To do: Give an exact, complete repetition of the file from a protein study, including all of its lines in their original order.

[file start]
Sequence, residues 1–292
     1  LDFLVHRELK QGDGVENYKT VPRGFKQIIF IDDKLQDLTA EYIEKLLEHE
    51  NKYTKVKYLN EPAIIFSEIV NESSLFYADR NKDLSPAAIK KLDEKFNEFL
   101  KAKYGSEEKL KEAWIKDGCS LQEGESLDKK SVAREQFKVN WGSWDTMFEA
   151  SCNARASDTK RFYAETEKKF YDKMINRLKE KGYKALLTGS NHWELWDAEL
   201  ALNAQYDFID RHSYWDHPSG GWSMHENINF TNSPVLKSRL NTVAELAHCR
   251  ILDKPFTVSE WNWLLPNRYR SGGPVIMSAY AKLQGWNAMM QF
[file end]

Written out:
Sequence, residues 1–292
     1  LDFLVHRELK QGDGVENYKT VPRGFKQIIF IDDKLQDLTA EYIEKLLEHE
    51  NKYTKVKYLN EPAIIFSEIV NESSLFYADR NKDLSPAAIK KLDEKFNEFL
   101  KAKYGSEEKL KEAWIKDGCS LQEGESLDKK SVAREQFKVN WGSWDTMFEA
   151  SCNARASDTK RFYAETEKKF YDKMINRLKE KGYKALLTGS NHWELWDAEL
   201  ALNAQYDFID RHSYWDHPSG GWSMHENINF TNSPVLKSRL NTVAELAHCR
   251  ILDKPFTVSE WNWLLPNRYR SGGPVIMSAY AKLQGWNAMM QF